11 Aug 2010 by Sonvir Singh Attri
Chandrashekhar Azad, often called, Panditji was a revolutionary. After the Indian Rebellion of 1857, he was the first among many Indian revolutionaries to use arms in their fight for independence against the British rulers. A devout Brahmin, he believed that it was his “dharma” (duty) to fight for others. He also believed that a soldier never relinquishes his weapon.
Chandrashekhar Azad was born on 23 July 1906 in village Bhavra in Jhabua district of Madhya Pradesh(Myth :Unnao dist- Badarka uttar pradesh).His father was Pt. Sitaram Tiwari and his mother was Jagrani Devi.Chandrashekhar Azad was deeply troubled by the Jallianwala Bagh massacre in Amritsar in 1919. In 1921, when Mahatma Gandhi launched the Non-Cooperation movement, he actively participated in the protest movement. He was arrested and received his first punishment at the age of fifteen for this act of civil disobedience. When the magistrate asked him his name, he said “Azad” (meaning free). For this, he was sentenced to fifteen lashes. With each stroke of the whip, young Chandrasekhar shouted “Bharat Mata Ki Jai”[“Hail The Motherland!”]. From that point onwards, Chandrashekhar assumed the title of Azad and came to be known as Chandrashekhar Azad.
After suspension of the non-cooperation movement, Azad was attracted by more aggressive and violent revolutionary ideals. He committed himself to complete independence by any means. Towards this end, he formed the Hindustan Socialist Republican Association and was mentor to revolutionaries such as Bhagat Singh, Sukhdev, Batukeshwar Dutt, and Rajguru. HSRA’s goal was full Indian independence and wanted to build a new India based on socialist principles. Azad and his compatriots also planned and executed several acts of violence against the British. He was involved in numerous such activities like the Kakori Train Robbery (1925), the attempt to blow up the Viceroy’s train (1926), and the shooting of John Poyantz Saunders at Lahore (1928) to avenge the killing of Lala Lajpat Rai.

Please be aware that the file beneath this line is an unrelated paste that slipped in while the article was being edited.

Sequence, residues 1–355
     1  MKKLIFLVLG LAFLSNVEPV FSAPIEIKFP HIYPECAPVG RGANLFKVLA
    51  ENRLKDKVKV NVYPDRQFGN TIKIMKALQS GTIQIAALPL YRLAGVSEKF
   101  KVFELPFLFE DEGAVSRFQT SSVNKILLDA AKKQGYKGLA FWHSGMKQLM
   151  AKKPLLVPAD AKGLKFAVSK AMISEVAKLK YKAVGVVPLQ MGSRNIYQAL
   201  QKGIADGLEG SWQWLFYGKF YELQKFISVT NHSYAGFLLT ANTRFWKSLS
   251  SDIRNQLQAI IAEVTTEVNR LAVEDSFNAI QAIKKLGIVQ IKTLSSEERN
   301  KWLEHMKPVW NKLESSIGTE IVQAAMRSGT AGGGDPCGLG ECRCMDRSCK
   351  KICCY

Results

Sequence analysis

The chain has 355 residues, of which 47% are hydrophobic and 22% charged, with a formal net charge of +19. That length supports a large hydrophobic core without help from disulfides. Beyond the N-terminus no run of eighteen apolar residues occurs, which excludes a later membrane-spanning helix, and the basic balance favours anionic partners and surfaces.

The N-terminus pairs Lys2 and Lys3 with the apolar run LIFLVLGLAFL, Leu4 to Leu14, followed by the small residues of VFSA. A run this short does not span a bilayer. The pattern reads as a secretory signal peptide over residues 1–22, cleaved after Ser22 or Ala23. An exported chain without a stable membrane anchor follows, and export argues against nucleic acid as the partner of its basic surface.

On February 27, 1931 Chandrashekhar Azad met two of his comrades at Alfred Park, Allahabad. He was recognised by a police, the police surrounded the park and ordered Chandrashekhar Azad to surrender. Azad fought alone and killed three policemen but was shot in the thigh. After nearly exhausting his ammunition and foreseeing no means of escape, he shot himself in the head with his last bullet.
He used to fondly recite a Hindustani couplet, his only poetic composition:
‘Dushman ki goliyon ka hum samna karenge,
Azad hee rahein hain, azad hee rahenge’